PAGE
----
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Politics Aside, It Was a Party

Pop music review: Ska Against Racism was the theme, but few of the 37 bands even paid lip service to the issue.

April 07, 1998|JENNIFER VINEYARD | SPECIAL TO THE TIMES

SANTIAGO CANYON — If the ska bands touring under the moniker Ska Against Racism had united for a different cause--say, Ska Against Sexism--the 3,000-plus crowd at Oak Canyon Ranch on Sunday would probably have been none the wiser.

For all the advance talk and backstage banter about racism's prevalence in society, most of the bands ignored the opportunity to address the issue onstage, where it counted most.

Most of the 37 ska and ska-rooted bands opted for a positive party atmosphere: "Jump, jump" was the battle cry, not "stop the hate," and the only threat in the air was of rain.

Spearheaded by former Skankin' Pickle front man Mike Park, the Ska Against Racism tour has an admirable cause: to raise awareness and an undetermined amount of money for such organizations as the Simon Wiesenthal Center's Museum of Tolerance, Artists for a Hate-Free America and Anti-Racist Action.

Yet the two booths representing those causes (even the less political Lollapalooza has more literature available) were outnumbered by beverage and food vendors, and the Planned Parenthood booth got more mention onstage (via the Skeletones).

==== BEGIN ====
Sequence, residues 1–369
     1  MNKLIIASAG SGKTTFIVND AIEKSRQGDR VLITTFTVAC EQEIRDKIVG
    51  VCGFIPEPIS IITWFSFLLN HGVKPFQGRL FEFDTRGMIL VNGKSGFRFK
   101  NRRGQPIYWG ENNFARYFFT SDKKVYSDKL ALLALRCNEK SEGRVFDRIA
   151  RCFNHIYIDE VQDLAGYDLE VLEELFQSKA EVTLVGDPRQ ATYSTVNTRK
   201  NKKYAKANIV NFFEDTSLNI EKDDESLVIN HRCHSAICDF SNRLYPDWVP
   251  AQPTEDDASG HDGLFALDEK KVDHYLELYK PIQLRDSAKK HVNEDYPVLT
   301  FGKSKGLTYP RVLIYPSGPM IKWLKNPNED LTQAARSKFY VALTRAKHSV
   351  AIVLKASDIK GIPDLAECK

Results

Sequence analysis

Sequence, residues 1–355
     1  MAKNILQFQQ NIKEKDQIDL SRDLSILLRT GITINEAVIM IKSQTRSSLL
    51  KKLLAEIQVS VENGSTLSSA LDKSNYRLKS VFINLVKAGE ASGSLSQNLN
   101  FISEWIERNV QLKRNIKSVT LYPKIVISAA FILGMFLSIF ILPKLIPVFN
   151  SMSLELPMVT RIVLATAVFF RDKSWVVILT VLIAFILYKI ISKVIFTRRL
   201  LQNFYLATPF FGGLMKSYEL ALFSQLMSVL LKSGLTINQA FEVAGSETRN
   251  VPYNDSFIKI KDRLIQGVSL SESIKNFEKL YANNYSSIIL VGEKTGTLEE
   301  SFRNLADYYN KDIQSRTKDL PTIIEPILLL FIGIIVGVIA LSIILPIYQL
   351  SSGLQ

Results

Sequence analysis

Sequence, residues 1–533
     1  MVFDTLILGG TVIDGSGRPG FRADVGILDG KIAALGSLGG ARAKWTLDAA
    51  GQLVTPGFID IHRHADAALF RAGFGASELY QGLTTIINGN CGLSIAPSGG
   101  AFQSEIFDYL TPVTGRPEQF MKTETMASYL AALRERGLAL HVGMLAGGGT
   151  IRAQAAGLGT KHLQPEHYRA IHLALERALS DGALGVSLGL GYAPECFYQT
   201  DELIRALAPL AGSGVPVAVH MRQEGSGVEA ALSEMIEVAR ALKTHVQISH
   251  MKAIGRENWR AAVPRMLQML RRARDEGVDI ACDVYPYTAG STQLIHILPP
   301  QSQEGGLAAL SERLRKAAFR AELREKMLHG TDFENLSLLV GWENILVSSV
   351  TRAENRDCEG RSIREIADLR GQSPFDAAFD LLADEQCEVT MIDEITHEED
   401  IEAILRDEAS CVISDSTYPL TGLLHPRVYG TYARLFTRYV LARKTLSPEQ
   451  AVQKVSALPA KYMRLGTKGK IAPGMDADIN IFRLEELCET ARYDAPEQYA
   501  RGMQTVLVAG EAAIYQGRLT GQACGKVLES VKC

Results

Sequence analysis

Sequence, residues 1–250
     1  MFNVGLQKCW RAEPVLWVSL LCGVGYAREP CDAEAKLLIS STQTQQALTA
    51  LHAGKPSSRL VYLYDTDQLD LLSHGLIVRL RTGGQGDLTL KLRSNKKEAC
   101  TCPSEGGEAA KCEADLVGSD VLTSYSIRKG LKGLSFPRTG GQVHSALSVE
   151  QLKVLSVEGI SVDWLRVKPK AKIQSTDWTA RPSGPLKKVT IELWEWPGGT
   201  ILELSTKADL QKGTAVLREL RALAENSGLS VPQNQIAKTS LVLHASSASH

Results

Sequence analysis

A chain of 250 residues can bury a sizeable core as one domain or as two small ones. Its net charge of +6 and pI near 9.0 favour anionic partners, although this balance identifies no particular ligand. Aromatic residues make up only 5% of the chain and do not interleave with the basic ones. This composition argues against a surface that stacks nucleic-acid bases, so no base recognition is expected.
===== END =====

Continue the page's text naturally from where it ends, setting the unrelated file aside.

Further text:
A few bands--Channel 6, Jeffries Fan Club--sang about racial community, and Park introduced a tune or two by their Korean names in his Pickle-recalling set.

Still, there was no overwhelming indication, other than the bands' diverse racial composition, that this daylong concert was anything more than a kickoff to the festival season. The chance to revive ska's 2-Tone political slant was lost, and the carefree teens in attendance didn't even notice.

Would rabble-rousing have made a difference? Would any dialogue give the feel-good banality substance, or convince those who think little of most modern ska that the genre isn't tapped out? Probably not.

Chicago's Blue Meanies emerged as the great hope of ska's third wave--not for their invective, but for their ominous, time-signature-hopping marriage of ska and jazz. Without a word, the Blue Meanies brought the much-needed edge back.

Maybe uplifting ska can't always provide the urgency to fuel change or raise consciousness via its herky-jerky rhythms, but at least bands such as the Blue Meanies can provide a soundtrack to the war they collectively wish to wage.

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